The planet was magical. It was their planet–their Pillow Fort from the world and they could lose themselves in it.

“Say, Captain,” Will began on impulse, “You and your crew don’t want to stay for a drink? It’s been almost a year since we moved out here, and it would be nice to have the company?”


“Mary, you are already here!” Will commented, surprised at his daughter standing in the docking bay and manually directing the incoming starship, “Thanks, dear, that’s very helpful.”

“No problem, Dad,” she said out of the side of her mouth, as she concentrated on the landing. Will noted that she was wearing her favorite top and he was sure he noted a touch of lipstick on her. He smiled. His little girl was growing up.

Much later that day, after a fantastic three-course meal organized by his daughter for the crew, he watched as she interrogated them about their distant planets.

The sun was becoming long as the shadows dipped into the evening. Thousands of stars and planets of the nearby galaxies appeared in the night sky as their two, personal moons rose in opposing corners. They were sitting on a patio overlooking a herd of brachiosaurus grazing as swarms of glowing fireflies flickered through the air. In the distance, a red light flared up from the mountain before extinguishing itself for the night, as one of the dragons yawned and fell asleep.

The house-bots brought out another round of drinks and Will quietly watched his daughter. She continued interrogating the crew about the outside world. She was almost eighteen now. Well-educated and with plenty of access to the Web, he did not think Mary did not know about the outside world. He had never hidden the outside world from her, even here on their private planet. But, she did not play with her unicorns anymore and the details she asked the crew belied a greater truth.

His daughter was growing up. He was a biologist and he knew what that meant.


Will checked the old starship’s vital parts and got the house-bots to refuel it. It had been almost twenty years since him and Mary had landed it on this planet, but the starship seemed in perfect working order.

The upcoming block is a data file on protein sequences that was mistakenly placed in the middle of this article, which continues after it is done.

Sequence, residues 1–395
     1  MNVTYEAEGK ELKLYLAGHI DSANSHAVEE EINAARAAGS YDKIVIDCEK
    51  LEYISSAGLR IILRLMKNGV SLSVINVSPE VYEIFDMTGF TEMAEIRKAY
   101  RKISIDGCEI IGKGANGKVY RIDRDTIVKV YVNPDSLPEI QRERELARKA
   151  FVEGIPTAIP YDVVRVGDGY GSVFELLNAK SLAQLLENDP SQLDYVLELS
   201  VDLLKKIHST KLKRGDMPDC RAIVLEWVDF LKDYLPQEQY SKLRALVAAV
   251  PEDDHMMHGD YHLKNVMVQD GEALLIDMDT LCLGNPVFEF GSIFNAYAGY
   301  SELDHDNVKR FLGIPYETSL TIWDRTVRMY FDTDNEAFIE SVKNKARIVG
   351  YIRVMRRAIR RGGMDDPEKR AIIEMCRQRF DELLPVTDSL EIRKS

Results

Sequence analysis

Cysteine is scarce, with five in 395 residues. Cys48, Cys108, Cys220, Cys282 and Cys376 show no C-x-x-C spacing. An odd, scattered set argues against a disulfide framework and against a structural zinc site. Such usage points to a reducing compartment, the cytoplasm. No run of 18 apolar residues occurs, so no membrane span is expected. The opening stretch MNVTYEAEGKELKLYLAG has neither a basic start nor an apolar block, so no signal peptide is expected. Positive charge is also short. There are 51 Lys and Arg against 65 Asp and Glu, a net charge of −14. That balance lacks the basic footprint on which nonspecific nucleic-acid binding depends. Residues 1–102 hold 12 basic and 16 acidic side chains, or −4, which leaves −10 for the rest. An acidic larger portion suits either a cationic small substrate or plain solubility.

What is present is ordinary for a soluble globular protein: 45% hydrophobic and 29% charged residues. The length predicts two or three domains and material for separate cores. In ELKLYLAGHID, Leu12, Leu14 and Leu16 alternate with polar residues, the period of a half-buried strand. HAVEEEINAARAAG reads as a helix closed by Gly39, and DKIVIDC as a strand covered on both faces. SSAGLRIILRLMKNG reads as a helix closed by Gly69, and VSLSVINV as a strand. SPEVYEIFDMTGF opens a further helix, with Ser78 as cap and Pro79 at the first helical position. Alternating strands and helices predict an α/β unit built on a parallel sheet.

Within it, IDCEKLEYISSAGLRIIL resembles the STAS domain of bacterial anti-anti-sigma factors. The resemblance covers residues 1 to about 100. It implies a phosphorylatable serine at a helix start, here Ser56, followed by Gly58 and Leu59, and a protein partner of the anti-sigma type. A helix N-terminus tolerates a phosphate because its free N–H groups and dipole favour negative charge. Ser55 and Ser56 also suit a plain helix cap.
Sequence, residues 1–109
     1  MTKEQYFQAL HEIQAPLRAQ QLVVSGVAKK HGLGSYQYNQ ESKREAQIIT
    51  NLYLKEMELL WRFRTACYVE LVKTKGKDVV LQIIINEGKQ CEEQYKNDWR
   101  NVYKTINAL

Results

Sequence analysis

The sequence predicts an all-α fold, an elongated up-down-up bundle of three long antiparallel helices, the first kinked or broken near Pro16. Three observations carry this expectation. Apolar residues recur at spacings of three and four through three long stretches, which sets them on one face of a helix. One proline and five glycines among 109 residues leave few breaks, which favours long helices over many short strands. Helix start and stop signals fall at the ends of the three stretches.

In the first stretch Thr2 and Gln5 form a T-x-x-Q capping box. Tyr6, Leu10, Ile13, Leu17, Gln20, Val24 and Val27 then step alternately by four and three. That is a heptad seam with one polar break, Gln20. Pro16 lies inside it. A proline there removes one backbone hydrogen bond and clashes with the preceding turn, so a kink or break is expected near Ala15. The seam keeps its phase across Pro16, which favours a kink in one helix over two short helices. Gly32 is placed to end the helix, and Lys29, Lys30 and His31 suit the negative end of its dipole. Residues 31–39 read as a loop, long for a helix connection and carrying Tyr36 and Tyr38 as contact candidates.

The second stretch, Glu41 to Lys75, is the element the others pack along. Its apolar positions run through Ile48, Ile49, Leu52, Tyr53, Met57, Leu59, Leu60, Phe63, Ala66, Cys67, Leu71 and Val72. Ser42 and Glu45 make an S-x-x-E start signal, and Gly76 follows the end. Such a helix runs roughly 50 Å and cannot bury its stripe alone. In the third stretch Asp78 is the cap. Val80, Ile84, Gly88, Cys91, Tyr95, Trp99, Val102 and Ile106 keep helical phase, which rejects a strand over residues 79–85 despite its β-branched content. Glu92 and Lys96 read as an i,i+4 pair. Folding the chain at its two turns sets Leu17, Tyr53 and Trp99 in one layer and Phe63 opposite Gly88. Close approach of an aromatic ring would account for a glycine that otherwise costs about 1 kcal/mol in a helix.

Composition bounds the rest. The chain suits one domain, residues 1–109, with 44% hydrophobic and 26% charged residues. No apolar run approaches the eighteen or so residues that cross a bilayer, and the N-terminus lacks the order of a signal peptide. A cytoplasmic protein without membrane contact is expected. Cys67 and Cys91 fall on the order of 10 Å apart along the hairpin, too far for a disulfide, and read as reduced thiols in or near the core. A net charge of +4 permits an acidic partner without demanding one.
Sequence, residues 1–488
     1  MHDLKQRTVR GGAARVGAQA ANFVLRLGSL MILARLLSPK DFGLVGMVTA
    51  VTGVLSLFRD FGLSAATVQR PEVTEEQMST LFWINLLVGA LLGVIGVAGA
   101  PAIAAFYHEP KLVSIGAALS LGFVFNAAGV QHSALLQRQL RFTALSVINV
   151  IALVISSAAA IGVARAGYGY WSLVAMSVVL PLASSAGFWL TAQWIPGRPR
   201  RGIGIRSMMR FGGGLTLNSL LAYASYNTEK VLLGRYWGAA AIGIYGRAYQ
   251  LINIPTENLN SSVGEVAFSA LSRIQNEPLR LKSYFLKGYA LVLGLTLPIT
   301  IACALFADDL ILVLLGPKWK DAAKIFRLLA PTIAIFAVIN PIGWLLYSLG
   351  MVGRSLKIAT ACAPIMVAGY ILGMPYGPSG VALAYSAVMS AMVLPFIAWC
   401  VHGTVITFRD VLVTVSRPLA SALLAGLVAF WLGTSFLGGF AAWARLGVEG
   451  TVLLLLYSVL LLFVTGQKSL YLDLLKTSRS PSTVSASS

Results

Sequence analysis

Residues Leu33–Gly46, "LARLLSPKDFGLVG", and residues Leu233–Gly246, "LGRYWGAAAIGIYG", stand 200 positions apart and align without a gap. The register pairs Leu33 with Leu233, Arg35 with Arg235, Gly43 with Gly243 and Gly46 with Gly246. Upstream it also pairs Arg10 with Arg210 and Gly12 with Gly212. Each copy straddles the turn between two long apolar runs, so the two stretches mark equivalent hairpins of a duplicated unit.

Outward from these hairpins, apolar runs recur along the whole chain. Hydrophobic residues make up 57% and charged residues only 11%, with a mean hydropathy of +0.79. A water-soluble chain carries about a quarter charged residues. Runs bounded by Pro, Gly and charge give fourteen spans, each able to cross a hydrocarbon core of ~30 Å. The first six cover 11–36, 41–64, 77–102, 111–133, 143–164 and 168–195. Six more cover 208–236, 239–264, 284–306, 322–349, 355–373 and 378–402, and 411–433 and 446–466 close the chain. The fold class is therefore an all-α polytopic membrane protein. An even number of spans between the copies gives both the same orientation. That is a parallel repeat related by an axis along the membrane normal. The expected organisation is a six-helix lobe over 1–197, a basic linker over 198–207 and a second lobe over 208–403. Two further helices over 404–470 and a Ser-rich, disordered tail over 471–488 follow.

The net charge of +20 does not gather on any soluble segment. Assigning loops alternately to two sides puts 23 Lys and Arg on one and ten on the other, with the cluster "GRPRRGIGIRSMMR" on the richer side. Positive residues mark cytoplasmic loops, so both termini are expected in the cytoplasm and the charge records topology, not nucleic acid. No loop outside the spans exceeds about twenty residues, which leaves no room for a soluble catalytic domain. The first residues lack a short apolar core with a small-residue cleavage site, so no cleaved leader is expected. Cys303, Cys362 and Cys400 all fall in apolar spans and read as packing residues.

He felt a lump in his throat, but he swallowed and kept checking things. The planet would survive without them just fine. It was fully terra-formed and life would continue here. Besides, it had now been many years since his wife had died and his daughter wanted to build her own life. That much was clear to him.

“Father, I’m ready.”

Will turned around and his heart missed a beat. For the briefest second, he thought his wife was standing there. His daughter was wearing an evening-dress of red silk and, made up, looked the spitting image of her mother.

Will smiled, suddenly feeling the same longing that he suspected his daughter felt. He just suspected that his longing was for something different than his daughter’s. He missed his wife, but that did not matter. She lived on in Mary.

“OK, my dear,” Will began, as Mary sat down, strapped herself in and the starship’s pre-start engines burnt up a gear, “It is time that we leave this Pillow Fort of ours. Your mother would have wanted it.”

Will reached out and grabbed his daughter’s hand. The starship began to shudder as it rose slowly into the air; its engines were heating up as the geo-nav synched with their destination. His daughter squeezed his hand and he squeezed it tightly back. The lump in his throat was there again as he looked down at their planet. Outside, it was midday and the unicorns were trotting into the cool shade of the forest as a flock of pterodactyls flew overhead cawing.

Will turned to say something to his daughter and saw her eyes sparkling with wonder and magic. The words caught in his throat. She was not looking down at the planet and their wondrous animals there. No, she was staring upwards at the stars, galaxies and planets that loomed above and far ahead of her.